The Cottage Smallholder

stumbling self sufficiency in a small space

How to cook perfect poached eggs

poached eggs and baconWe’re very keen on a cooked breakfast at the cottage. This is now largely restricted to the weekend. Our chickens give us a good supply of fresh eggs. We used to buy our bacon in 1 kilo packs. A dangerous move as the great slab like pack looked so inviting that we had bacon sandwiches most mornings.

A delicious way of jumping a couple of dress sizes in a year. Now I buy just enough bacon for the weekend.

Poached eggs have been a favourite with me since I could say “egg”. I always thought that you had to have a special poached egg pan to make them or put vinegar in the water and stir like a Dervish. One day we discovered that they can be made easily using this method.

In a small saucepan bring some water to the boil add a quarter teaspoon of salt. Remove from the heat and quickly break your eggs into the water. Return the saucepan to the hot plate (medium heat) and watch carefully. When you see tiny bubbles rising in the water take the saucepan of the stove and set your timer for seven minutes. The eggs will gently cook in the warm water. After seven minutes use a slotted spoon to take the poached eggs out of the saucepan and gently drain the water off the eggs. Serve on warm buttered toast with grilled bacon on the side. They will have soft yolks and trembling whites. I always cut them when I serve them so that the yolks break and soak into the toast.

If you prefer hard yolked poached eggs, let the water bubble for a minute or so before you take the saucepan off the heat and let it stand for eight minutes. These timings depend on the size of your eggs. If you have a selection of sizes, put the bigger eggs into the saucepan first.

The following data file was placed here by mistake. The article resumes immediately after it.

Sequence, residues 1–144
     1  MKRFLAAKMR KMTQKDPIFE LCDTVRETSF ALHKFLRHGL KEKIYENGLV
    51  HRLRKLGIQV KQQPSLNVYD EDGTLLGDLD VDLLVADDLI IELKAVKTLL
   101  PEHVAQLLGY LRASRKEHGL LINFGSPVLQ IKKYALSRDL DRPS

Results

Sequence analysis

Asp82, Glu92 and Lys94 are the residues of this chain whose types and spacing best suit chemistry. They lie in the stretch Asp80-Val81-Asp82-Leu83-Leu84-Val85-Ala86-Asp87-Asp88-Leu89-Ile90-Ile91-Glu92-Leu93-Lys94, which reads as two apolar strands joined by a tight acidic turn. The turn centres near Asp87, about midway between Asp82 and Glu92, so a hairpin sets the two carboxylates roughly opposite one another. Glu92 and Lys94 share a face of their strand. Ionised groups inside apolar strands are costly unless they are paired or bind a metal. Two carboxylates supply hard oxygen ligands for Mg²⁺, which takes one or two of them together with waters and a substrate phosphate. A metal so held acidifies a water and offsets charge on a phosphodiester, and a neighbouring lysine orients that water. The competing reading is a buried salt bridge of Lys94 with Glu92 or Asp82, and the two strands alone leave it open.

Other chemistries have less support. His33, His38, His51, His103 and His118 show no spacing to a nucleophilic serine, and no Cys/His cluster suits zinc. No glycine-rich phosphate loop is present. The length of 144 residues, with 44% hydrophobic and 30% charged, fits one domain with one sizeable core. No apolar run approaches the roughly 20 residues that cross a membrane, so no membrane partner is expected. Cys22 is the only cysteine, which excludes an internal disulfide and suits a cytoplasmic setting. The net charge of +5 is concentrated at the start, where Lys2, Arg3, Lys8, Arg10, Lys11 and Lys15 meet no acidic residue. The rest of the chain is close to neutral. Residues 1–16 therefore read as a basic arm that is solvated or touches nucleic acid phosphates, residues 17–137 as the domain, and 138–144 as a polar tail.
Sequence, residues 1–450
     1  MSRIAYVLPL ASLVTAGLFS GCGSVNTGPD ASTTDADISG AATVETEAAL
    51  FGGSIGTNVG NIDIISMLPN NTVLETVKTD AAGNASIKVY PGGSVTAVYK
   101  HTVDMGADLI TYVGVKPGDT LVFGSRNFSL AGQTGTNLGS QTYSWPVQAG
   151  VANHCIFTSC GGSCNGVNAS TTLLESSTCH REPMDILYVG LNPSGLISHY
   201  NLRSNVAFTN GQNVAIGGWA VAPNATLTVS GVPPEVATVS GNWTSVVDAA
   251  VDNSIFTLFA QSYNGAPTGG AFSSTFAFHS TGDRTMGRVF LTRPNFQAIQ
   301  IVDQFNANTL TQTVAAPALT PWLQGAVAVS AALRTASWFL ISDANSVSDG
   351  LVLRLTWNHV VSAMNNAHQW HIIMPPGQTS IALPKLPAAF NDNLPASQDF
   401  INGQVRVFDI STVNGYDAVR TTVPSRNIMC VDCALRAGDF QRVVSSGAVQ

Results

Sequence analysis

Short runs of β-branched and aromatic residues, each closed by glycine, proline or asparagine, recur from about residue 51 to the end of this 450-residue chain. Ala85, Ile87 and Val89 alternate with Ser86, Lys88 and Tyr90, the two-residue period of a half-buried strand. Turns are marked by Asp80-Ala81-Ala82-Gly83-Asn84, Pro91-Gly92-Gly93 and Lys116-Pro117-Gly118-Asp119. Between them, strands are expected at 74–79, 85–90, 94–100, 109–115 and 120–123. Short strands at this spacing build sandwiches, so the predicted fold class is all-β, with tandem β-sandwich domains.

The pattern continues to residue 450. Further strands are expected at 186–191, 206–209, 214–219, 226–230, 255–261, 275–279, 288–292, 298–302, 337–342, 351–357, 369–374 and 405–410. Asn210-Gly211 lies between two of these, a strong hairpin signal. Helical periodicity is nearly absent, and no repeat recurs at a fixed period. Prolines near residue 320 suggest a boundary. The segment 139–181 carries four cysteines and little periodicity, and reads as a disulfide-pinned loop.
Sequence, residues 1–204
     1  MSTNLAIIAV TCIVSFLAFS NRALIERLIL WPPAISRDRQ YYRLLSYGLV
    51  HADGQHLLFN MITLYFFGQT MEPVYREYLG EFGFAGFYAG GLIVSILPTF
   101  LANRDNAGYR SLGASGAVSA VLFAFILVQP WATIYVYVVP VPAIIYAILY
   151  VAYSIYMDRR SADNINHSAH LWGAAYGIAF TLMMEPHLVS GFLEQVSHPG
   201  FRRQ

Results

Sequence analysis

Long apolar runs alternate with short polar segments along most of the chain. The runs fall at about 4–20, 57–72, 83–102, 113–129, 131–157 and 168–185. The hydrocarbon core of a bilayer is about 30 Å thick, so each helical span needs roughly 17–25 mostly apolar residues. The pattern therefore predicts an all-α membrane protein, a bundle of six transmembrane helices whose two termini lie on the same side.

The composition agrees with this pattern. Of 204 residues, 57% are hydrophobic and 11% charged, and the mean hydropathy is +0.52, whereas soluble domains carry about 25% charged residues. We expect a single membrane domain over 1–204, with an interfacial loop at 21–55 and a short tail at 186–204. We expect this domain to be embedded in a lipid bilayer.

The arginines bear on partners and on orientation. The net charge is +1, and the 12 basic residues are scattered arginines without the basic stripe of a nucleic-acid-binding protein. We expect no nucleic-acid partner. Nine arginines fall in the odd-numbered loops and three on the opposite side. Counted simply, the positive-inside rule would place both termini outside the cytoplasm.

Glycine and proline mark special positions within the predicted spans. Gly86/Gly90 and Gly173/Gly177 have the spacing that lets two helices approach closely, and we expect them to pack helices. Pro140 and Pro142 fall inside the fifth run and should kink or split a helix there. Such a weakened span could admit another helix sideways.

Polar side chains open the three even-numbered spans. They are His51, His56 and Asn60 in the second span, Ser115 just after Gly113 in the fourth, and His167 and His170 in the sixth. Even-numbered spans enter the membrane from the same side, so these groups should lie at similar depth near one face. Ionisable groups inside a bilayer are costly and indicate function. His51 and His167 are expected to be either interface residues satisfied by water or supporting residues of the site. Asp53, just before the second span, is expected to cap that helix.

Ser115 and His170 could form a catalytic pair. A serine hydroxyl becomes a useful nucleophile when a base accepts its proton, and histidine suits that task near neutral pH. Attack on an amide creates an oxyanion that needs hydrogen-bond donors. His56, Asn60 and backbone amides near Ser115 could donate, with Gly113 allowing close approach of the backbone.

Tips and Tricks:

  • poached eggs are a perfect low fat meal for an invalid (without the bacon).

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  1. Fiona Nevile

    Hi Ash,I hope our method worked for you.

    I loved Nigel Slater’s Toast. I listen to the radio a lot and Oneword(digital radio) have run the book twice. Highly enjoyable both times.

  2. Yum! My oldest son loves poached eggs, I like scrambled and everyone else likes fried. I never made the poor soul poached eggs very often because of the vinegar and the stirring. (I’ve just read Nigel Slater’s Toast and now I feel particularly awful about depriving my son of culinary delights). Anyway, I’ll try your method this morning.

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